Last month, the Board of the Green Climate Fund (GCF) met in Barbados for its 8th session. What’s the GCF? It’s a financial institution that is expected to channel billions of dollars to developing countries to help them in their efforts to mitigate and adapt to climate change. (Check out some of our blogs for more info!). At CIEL, we work to ensure that the rights and interests of those affected by activities funded through the GCF are protected; this includes working on measures to avoid social and environmental harm (safeguards), enhancing public participation, and ensuring that the GCF has a robust mechanism to address complaints from affected or potentially affected people (redress mechanism).
These issues come into sharp focus when dealing with REDD+
(Reducing Emissions from Deforestation and Forest Degradation), an initiative that promotes (gives money for) the protection of forests by recognizing the vital role they play in addressing climate change. The GCF will funds to both mitigation and adaptation activities, including other forest-related, land use, and agriculture efforts that reduce emissions. The UN Framework Convention on Climate Change (UNFCCC) has already established a REDD+ framework and the GCF intends to fund REDD+ activities. This is natural given that the GCF was created by the UNFCCC. To that effect, the GCF Board agreed to adopt a decision that addresses how the outcomes/results of REDD+ activities contribute to the GCF’s objectives, which in turn helps the Board decide which activities to invest in.
With the guidance that already exists at the UNFCCC (though we need more guidance on safeguards at the Lima climate conference and here’s why!), you would think that this would be a relatively easy task. But not so. The first draft GCF decision was far from consistent with the UNFCCC REDD+ framework. After many excruciating hours, the Board finally managed to improve the decision (thanks to some key developing countries).
As with any difficult journey, there are many lessons to be learned. Now that the excitement around financial pledges to the GCF has passed, we thought we would share some reflections from the Board meeting:
If you’re going to address REDD+ in a decision…
DON’T get the basic terminology wrong and then spend hours fighting over whether to fix it. There are five basic REDD+ activities, and one of them is sustainable management of forests (SMF). The draft GCF decision on REDD+ results mentioned sustainable forest management (SFM) instead. Not a big deal, right? WRONG! It’s not just mind-numbing nitpicky lawyering. The UNFCCC spent two years negotiating which term should be used because the concepts cover different kinds of activities. SFM had the potential to allow “sustainable logging” (an oxymoron if I ever met one) to count as reducing emissions from cutting down trees and people fought hard to keep that out of the UNFCCC definition. Sure, clerical errors happen, but then the polite thing to do is to acknowledge the mistake and learn how to “find and replace.” (hint: it’s Ctrl+F)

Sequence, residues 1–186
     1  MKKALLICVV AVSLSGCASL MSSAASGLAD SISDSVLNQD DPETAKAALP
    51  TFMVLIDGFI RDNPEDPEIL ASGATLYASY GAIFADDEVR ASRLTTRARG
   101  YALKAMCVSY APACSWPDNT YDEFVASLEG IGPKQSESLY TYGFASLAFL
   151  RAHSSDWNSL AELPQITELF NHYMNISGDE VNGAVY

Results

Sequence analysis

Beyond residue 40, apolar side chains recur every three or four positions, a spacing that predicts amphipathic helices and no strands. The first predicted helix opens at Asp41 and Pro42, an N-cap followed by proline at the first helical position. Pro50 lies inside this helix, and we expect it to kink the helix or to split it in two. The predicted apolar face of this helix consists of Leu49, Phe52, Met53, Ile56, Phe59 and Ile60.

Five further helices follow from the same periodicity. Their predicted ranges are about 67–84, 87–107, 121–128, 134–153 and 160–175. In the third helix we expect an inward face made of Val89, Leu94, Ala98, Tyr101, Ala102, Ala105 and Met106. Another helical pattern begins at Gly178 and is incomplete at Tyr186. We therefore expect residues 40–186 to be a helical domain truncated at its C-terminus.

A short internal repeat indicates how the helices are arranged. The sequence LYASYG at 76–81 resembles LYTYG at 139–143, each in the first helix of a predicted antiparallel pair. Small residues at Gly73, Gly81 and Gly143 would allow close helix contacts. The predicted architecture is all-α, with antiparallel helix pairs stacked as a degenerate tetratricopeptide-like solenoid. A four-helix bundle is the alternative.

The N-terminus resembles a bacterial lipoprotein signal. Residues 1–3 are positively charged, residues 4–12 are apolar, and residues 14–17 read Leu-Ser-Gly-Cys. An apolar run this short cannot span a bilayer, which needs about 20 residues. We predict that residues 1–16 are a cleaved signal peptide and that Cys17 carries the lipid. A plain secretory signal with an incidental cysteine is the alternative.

DO read the relevant UNFCCC REDD+ decisions, but…
DON’T ignore the bits of those decisions that you don’t like. Yes, the UNFCCC emphasizes cutting emissions as a result of REDD+. But it also says that promoting the other environmental and social benefits that come from protecting forests is essential for the scheme to succeed (the issue of “non-carbon benefits” is currently being discussed at the UNFCCC, so we’ll see how that language evolves). Initially, the GCF REDD+ decision was only focused on emissions and did not even acknowledge this more holistic approach. Some say it’s too complicated and will overburden REDD+. We understand that a holistic approach is complicated, but, well, forests ecosystems are complex. Simplifying it on paper doesn’t change reality. Thankfully, now it is noted that the decision is a work in progress and will need to be updated. But still, current decision = opportunity missed.
DO reference the UNFCCC REDD+ framework in the decision on REDD+ results, but…
DON’T forget to incorporate relevant requirements (like REDD+ safeguards) in your overall framework. REDD+ safeguards contain important rights and biodiversity protections that go beyond the GCF’s current interim safeguards. “How will anyone know what requirements they actually have to meet to get REDD+ funding through the GCF?” you might ask. We’re asking the same thing!
DO revise the draft decision in the hope of improving it, but…
DON’T introduce it for adoption at 11:50pm, 10 minutes before closing an already delayed meeting. We actually thought it was a joke.
Finally, we wish we could actually link to the final decision, but over a month later the full GCF decisions are not available online.
Originally posted on November 27, 2014.